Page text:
On a technical level, Outlast delivers on all fronts. The game looks gorgeous and had very little in the way of technical issues. I had a few minor issues with aggressive enemies who would suddenly shut down and cease to move or react to my presence but it happened so infrequently that it hardly soured the experience. In a game this dark, lighting obviously plays an important role and it is certainly used to create a sense of dread throughout. But perhaps most notably, the sound design in Outlast is the glue that keeps the whole thing together. Everything from ambient noise to your own character's heightened breathing in moments of panic is excellent. Don't make the mistake of playing this game without surround sound or headphones.
It's the Little Things...
The crux of this experience may be the intense sense of dread that envelops you before entering a room or the constant threat of complete darkness but it was the little details that stick in my head days after finishing. For instance, the speed in which you open doors or move around corners is contextual and depends on forward momentum. By inching the stick forward, you will slowly open the door and peer through before taking the plunge and walking in completely. It's a subtle effect but one I highly recommend making use of before charging blindly into a new room or area.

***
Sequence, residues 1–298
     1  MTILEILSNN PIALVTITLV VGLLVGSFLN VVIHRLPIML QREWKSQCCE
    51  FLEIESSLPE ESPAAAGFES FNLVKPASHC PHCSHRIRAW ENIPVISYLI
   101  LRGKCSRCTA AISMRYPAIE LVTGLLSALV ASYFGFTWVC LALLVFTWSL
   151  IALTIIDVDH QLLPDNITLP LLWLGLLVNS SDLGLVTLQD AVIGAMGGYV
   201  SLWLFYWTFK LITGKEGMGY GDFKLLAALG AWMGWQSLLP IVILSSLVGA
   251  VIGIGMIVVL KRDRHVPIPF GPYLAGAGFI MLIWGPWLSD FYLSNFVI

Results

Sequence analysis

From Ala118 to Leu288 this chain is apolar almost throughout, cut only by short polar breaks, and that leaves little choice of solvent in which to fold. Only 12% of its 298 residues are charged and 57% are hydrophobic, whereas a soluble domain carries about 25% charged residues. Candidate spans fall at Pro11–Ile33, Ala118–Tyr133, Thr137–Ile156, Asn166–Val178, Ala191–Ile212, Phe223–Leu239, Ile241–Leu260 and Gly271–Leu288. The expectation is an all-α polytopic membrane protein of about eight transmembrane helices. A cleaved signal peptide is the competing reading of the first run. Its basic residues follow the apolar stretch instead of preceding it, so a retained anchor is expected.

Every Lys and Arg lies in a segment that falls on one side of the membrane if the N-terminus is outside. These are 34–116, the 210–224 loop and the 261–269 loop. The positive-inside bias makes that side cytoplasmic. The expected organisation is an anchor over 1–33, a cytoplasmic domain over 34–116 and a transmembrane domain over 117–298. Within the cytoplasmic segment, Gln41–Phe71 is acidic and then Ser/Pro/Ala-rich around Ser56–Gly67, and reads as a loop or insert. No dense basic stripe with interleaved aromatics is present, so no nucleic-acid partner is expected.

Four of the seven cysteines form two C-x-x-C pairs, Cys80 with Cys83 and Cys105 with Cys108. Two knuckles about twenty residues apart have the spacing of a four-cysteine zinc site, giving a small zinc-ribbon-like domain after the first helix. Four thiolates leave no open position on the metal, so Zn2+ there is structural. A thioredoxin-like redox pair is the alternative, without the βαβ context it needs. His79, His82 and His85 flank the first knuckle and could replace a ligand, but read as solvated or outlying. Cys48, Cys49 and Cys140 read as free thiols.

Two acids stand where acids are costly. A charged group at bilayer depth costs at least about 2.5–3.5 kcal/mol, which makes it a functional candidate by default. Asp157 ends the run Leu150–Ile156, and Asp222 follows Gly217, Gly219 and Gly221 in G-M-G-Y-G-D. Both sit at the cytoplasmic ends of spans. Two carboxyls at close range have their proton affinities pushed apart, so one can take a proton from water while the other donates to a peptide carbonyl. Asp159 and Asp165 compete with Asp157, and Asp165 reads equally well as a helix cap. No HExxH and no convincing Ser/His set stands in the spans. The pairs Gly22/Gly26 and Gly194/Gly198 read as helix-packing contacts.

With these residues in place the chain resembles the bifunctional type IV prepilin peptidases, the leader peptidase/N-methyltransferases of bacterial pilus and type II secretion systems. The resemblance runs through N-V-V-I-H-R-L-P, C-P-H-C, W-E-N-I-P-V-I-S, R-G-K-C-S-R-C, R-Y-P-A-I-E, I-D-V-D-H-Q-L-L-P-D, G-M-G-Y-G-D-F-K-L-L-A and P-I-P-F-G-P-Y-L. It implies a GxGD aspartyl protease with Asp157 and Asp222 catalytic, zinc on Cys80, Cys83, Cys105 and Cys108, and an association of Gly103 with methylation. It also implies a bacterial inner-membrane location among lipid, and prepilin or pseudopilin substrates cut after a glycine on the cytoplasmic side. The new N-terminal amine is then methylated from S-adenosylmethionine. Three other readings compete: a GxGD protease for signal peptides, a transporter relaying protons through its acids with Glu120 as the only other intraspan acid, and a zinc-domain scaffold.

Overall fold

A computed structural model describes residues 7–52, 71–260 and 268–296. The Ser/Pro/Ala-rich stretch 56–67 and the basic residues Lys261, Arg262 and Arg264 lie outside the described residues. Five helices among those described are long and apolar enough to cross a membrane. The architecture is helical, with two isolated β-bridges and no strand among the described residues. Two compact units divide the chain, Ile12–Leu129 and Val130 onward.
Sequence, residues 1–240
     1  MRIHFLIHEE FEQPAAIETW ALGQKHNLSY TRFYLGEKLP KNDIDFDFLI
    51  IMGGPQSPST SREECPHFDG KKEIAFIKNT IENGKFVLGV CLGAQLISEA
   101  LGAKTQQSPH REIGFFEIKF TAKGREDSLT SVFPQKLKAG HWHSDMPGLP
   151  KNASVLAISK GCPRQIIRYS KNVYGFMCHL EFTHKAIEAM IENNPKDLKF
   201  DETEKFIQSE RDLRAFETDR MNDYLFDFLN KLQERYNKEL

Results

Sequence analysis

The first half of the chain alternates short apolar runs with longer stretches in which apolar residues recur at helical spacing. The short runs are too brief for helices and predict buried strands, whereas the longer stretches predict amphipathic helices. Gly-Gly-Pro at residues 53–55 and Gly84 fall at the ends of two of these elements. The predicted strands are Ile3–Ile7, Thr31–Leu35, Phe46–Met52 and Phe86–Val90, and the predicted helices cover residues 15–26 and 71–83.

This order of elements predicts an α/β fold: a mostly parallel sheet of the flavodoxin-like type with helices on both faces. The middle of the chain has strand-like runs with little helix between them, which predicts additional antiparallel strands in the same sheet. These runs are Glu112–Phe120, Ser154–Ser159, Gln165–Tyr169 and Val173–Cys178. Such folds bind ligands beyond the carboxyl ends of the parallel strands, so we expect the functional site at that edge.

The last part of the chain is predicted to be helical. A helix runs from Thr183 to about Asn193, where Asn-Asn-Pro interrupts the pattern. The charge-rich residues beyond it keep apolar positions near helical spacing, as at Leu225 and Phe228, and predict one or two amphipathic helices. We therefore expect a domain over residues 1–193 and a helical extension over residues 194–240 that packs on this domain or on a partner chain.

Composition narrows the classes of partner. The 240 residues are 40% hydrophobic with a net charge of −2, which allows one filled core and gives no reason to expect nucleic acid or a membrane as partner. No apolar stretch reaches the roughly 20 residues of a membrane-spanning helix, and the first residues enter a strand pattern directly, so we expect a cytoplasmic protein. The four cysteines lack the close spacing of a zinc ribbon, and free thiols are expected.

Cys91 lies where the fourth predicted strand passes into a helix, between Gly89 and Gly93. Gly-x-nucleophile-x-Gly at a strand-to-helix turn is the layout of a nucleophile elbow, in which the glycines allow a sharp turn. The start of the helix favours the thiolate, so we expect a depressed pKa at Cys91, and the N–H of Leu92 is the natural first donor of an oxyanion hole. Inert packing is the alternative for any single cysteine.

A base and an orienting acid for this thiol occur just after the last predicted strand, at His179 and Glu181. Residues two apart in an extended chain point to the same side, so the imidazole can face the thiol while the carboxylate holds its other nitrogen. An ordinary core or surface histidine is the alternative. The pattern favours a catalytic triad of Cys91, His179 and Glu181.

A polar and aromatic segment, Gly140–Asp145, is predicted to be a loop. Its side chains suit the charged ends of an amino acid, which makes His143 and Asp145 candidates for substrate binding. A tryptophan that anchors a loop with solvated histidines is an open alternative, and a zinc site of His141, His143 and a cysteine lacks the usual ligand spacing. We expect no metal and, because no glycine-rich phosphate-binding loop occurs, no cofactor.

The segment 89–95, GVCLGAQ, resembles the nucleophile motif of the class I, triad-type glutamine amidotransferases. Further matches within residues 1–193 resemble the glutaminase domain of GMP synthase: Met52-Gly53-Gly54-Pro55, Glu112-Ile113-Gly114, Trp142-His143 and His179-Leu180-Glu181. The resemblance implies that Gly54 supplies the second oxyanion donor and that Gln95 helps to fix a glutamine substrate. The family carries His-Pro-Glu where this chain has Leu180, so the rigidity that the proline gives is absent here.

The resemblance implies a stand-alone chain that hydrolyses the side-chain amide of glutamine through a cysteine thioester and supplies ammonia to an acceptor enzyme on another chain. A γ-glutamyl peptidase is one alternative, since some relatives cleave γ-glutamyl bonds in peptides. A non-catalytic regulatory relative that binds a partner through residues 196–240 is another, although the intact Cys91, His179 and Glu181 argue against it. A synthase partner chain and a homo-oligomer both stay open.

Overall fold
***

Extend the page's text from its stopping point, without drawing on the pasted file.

For a game packed to the brim full of disturbing imagery and grotesque characters, I applaud Red Barrels for messing with the players expectations and throwing in harmless NPCs. While most of the sickos in this game will attack on sight, there is an abundance of characters that will refrain from attacking and instead, opt to do creepy things like stare blanky, whispher cryptic nothings, or follow you... just... follow you. It's a really nice touch and it added a much needed element of unpredictability to the world.
And Then it Ended